The Buffalo Sabres had co-captain Chris Drury locked up for four more years. Then they drove him away with their inaction.
Drury and the Sabres agreed on terms of a new contract last fall, but the team suddenly went silent and never formally presented the offer. The co-captain, after weeks of uncertainty, had his agent withdraw the deal and started thinking about a new organization, an industry source with knowledge of the negotiations has told The Buffalo News.
The result of the incomplete talks was Drury signing with the New York Rangers and Sabres fans bemoaning what has become of their team.
Drury and the Sabres decided early last season to meet in Boston, where Drury's agent, Mark Witkin, is based. They discussed an extension for the pending free agent, the source said. The Sabres started the talks with a four-year, $20 million offer. Drury's camp countered with $23 million over four years. The parties agreed to meet in the middle, the source said, on a four-year deal worth $21.5 million.
Then nothing happened.
Drury waited for the Sabres to present the contract, but they didn't bring it up again. Drury withdrew the deal after a couple of weeks, the source said, because it was "bad business" not to officially finish the talks.
The Sabres on Monday, at their post-mortem news conference to address Sunday's loss of Drury and fellow co-captain Daniel Briere, acknowledged having contract talks with Drury in the fall.
"We had conversations with Chris in particular in the fall and unfortunately weren't able to come to a deal," General Manager Darcy Regier said. "Things evolved, things changed."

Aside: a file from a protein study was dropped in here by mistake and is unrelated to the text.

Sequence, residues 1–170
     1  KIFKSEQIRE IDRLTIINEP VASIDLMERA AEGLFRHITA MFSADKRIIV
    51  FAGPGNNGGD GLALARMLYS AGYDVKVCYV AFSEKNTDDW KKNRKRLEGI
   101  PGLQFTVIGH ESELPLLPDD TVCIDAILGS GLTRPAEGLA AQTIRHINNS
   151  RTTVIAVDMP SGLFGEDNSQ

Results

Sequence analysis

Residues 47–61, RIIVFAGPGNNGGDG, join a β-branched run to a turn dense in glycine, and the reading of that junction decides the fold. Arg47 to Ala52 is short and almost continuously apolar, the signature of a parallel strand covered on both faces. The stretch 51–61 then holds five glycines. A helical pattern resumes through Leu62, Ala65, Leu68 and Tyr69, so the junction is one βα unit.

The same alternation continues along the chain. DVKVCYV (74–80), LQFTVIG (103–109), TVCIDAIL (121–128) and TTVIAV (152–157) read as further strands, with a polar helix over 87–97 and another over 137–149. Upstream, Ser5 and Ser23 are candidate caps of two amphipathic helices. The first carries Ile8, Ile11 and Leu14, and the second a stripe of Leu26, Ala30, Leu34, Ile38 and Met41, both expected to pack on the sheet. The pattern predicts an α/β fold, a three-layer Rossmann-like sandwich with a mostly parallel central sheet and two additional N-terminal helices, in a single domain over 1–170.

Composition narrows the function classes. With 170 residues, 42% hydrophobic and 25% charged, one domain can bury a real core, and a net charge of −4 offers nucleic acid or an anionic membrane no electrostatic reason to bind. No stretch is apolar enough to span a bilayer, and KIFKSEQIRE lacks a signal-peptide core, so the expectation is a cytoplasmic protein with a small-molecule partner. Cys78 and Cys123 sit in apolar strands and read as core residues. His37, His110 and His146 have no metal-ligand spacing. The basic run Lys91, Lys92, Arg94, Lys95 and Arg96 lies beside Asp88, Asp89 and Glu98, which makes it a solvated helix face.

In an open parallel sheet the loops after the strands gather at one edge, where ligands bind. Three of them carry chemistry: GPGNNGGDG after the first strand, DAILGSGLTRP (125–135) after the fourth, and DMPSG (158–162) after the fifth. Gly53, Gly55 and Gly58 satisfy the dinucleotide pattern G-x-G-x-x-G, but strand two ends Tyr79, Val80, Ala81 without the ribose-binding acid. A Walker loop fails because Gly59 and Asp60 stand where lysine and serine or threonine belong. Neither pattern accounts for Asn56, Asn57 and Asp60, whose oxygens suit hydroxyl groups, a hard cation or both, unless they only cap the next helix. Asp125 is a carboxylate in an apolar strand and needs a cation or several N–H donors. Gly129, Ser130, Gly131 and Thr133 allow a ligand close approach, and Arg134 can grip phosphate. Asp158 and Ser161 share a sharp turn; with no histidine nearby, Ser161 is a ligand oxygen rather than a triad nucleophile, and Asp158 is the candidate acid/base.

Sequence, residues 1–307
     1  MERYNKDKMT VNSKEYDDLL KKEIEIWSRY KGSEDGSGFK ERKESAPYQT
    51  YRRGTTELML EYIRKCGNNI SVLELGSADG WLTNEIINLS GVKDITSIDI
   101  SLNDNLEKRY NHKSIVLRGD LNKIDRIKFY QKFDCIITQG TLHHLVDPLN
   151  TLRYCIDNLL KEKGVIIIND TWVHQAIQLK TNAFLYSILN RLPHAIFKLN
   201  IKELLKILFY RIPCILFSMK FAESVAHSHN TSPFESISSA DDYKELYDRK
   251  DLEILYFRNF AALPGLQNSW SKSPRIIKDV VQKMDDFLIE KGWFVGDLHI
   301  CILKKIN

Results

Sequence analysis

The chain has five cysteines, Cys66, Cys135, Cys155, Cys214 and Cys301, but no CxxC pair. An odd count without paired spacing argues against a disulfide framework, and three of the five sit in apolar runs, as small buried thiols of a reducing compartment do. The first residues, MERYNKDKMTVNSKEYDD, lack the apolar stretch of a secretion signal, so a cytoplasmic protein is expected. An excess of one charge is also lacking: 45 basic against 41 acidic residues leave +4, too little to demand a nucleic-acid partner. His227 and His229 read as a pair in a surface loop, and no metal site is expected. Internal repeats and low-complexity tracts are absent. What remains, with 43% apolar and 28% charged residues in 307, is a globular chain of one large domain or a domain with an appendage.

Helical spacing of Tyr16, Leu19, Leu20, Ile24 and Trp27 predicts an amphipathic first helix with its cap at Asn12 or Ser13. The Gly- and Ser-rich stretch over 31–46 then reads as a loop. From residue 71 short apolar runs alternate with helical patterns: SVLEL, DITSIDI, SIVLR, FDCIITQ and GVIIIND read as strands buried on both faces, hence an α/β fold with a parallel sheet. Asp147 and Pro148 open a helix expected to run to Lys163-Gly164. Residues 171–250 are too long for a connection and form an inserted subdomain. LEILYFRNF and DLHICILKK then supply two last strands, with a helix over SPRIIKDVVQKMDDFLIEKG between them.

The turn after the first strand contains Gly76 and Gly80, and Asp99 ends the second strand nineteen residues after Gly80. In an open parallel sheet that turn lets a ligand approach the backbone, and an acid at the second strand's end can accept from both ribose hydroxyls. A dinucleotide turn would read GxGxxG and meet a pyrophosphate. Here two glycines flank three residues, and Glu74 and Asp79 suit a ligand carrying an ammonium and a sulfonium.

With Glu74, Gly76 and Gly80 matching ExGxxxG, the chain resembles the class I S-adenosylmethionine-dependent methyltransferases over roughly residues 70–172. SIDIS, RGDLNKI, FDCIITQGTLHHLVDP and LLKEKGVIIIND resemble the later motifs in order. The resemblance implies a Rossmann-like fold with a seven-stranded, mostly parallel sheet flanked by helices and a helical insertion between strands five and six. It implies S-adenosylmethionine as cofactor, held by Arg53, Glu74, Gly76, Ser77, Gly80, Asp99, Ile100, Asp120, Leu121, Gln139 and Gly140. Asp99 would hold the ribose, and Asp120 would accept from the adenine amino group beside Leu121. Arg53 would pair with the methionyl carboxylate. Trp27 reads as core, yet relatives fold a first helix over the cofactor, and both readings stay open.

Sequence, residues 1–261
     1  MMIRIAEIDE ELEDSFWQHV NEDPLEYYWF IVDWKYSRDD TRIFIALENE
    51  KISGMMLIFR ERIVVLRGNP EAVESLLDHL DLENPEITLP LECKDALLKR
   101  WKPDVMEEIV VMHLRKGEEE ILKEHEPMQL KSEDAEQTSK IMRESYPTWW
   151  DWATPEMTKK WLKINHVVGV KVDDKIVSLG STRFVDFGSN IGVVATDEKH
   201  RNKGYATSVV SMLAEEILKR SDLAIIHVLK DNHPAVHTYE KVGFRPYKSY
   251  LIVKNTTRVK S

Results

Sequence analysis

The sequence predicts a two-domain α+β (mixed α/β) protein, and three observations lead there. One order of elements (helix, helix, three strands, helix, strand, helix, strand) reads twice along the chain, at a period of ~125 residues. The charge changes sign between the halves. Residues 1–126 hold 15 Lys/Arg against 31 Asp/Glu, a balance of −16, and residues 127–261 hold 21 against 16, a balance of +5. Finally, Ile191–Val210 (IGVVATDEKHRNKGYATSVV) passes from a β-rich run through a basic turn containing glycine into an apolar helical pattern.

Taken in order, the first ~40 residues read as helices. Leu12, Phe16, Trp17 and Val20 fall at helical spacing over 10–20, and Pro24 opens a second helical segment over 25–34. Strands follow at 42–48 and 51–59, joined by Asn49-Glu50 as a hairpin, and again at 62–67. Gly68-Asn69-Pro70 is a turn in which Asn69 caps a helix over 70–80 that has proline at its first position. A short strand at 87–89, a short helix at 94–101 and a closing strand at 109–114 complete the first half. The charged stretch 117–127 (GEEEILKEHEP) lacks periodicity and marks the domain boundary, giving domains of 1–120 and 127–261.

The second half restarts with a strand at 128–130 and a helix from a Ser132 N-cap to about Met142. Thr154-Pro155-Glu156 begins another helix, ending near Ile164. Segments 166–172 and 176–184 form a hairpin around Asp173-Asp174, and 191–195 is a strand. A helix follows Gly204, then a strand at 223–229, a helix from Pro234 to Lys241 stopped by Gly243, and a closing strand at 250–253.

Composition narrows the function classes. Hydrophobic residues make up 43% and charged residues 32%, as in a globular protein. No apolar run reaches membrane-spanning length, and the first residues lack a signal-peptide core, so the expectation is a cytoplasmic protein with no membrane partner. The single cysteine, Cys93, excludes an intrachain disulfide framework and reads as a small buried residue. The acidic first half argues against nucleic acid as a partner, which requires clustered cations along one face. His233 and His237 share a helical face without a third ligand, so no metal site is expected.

Sabres managing partner Larry Quinn said no offer was made to Drury until about a week after the season ended in May. He said Drury was the Sabres' top target and they were prepared to match any offer he received.
"There was a substantial offer made to him," said Quinn, who acknowledged making two recent proposals to the Drury camp. "We made it perfectly clear that we were prepared to meet the financial. They never once countered. They did not want to give us a number and ultimately said they didn't want to come back. They wanted to go to New York."
Drury did, in fact, get excited about the possibility of joining the team he cheered for as a child. However, the source said, Drury began to think about leaving Buffalo only after the Sabres failed to present the agreed-upon contract. The Sabres compounded their problem by not talking with Drury again until after the season.
The source said the Sabres came back to Drury with the same offer they previously had hammered out months before, but the market had shifted drastically in the interim.
"I thought showing a little more urgency certainly would have helped the situation, if in fact they did want me back," Drury said by phone Monday from New York. "I just think as every day and things got closer to free agency, it's another day to think about things and to think about what potentially could be out there."
So instead of signing a deal with the Sabres that averaged $5.375 million per season, Drury went to New York for $7.05 million per year for five years. He said he would have taken a deal from the Sabres in the $6 million range if talks hadn't gone so close to opening of free agency.
"I'm sure people are going to read this and say, 'It's easy for him to say that now,' but I would have," he said. "It just got to be so late that it just didn't feel right. You're in this position, so I at least wanted to see what was out there."
He liked what he saw in New York. His departure left the Sabres feeling sorrowful.
"Chris Drury, to me, is the epitome of a great hockey player and a great person," Quinn said. "I really wanted him to continue here. We weren't able to do that.
"I think we probably failed somewhere."
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